Drudge Retort: The Other Side of the News
Friday, December 07, 2018

Early in the much-promoted new driverless age, autonomous vehicles are experimental and cost far too much for mass private ownership. So companies are asking cities, states and the federal government to shoulder the massive initial rollout.

Driving the news: A pair of little-noticed proposed contracts show the steep price of these first-time autonomous cars and shuttles, amounting to leasing costs of well over $100,000 each per year. The contracts raise questions about whether driverless cars are the best use of public funds.

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Are they really self governing?

(of a country or region) having self-government, at least to a significant degree.
"the federation included sixteen autonomous republics"

acting independently or having the freedom to do so.

#1 | Posted by Sniper at 2018-12-07 12:04 PM | Reply

If government is going to give money to AV builders they should get shares.

Too often tax dollars buy jobs, perks and share discounts for politicians.

AVs will eventually save more US lives than the military can, so they have that going for them.

#2 | Posted by bored at 2018-12-07 12:21 PM | Reply | Funny: 1 | Newsworthy 1

"The contracts raise questions about whether driverless cars are the best use of public funds."

When has best use ever been a qualification for public funds? Best use for public funds would be implementation of buck vs bell to finally eliminate the vestiges of the confederacy; further washing away the stains of America's original sin.

#3 | Posted by IndianaJones at 2018-12-07 12:23 PM | Reply | Funny: 1


#@1 ... Are they really self governing? ...

Probably using the biological definition of autonomous:

existing and functioning as an independent organism

#4 | Posted by LampLighter at 2018-12-07 12:31 PM | Reply

Unless they can fuel and repair themselves, they are nkt autonomous.

#5 | Posted by TFDNihilist at 2018-12-07 02:16 PM | Reply | Newsworthy 1


I guess we can debate the "autonomous" appellation all we want, but that is what they are being called.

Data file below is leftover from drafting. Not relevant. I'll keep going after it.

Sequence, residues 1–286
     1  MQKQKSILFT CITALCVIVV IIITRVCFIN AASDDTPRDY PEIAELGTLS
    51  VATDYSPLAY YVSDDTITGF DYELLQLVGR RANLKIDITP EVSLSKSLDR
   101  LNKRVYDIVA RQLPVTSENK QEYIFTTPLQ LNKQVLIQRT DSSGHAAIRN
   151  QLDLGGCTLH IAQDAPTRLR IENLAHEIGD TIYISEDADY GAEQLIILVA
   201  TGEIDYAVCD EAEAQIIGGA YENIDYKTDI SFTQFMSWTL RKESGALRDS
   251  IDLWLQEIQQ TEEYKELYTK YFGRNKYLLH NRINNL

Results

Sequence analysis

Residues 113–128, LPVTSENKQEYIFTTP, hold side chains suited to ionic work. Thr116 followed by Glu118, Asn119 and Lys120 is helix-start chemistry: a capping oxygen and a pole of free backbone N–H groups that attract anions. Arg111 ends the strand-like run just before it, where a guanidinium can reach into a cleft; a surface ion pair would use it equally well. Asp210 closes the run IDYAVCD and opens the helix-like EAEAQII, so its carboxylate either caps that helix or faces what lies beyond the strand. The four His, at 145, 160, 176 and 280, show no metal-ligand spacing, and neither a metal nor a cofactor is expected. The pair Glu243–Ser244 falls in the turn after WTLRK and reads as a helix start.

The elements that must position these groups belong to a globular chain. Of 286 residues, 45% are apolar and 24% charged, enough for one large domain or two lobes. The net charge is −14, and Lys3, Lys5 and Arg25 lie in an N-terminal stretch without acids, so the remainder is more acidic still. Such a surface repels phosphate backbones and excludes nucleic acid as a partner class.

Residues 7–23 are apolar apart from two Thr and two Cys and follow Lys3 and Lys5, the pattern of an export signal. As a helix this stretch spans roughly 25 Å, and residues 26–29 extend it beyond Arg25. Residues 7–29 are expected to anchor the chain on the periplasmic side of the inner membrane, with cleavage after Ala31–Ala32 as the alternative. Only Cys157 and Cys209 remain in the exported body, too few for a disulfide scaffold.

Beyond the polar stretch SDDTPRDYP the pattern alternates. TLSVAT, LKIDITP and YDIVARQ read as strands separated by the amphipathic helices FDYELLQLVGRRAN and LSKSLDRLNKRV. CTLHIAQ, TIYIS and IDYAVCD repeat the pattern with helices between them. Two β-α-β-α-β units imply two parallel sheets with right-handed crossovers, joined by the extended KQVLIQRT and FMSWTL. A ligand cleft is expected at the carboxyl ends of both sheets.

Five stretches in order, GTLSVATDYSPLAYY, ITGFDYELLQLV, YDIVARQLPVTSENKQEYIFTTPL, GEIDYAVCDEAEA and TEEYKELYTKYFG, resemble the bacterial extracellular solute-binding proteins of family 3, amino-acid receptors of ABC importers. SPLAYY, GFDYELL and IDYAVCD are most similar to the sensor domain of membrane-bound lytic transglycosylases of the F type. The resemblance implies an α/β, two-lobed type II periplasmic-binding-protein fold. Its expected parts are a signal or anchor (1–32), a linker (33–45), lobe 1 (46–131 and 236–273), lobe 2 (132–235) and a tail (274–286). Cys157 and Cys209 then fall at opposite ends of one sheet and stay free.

:)

#6 | Posted by LampLighter at 2018-12-07 02:43 PM | Reply | Newsworthy 1

The contracts raise questions about whether driverless cars are the best use of public funds.

POSTED BY LAMPLIGHTER

Any data suggesting how many lives could be saved? That there could be considered a worthy use of public funds. I dare anyone to identify the "best use" of public funds.

#7 | Posted by rstybeach11 at 2018-12-07 03:57 PM | Reply

It ain't dumping it down a rat hole rst.

#8 | Posted by Sniper at 2018-12-07 04:37 PM | Reply

The USA has over 5 million crashes, 2 million injured and about 40k dead per year.
AVs seem to be safer than human driven cars now. They will get better.
Saving half the carnage is realistic, which is close to the cost of a major war.

#9 | Posted by bored at 2018-12-07 08:27 PM | Reply

Also cuts down on crime. Did any of you know DUI arrest decline is attributable to UBER and Lyft? AVs will only bolster that aspect.

Less crime! Less criminals!

#10 | Posted by rstybeach11 at 2018-12-07 08:32 PM | Reply

"DUI arrest decline is attributable to UBER and Lyft"

And in some areas, to the legalization of marijuana.

#11 | Posted by Danforth at 2018-12-07 09:54 PM | Reply

funding autonomous cars might have the unintended consequence of ultimately increasing crime if something in the workplace market doesnt change. Drivers would become the next factory worker type automated out of a job. The market needs to get there on it's own, and not with subsidies if the time for the market to adjust is valued.

#12 | Posted by kwrx25 at 2018-12-10 10:13 AM | Reply

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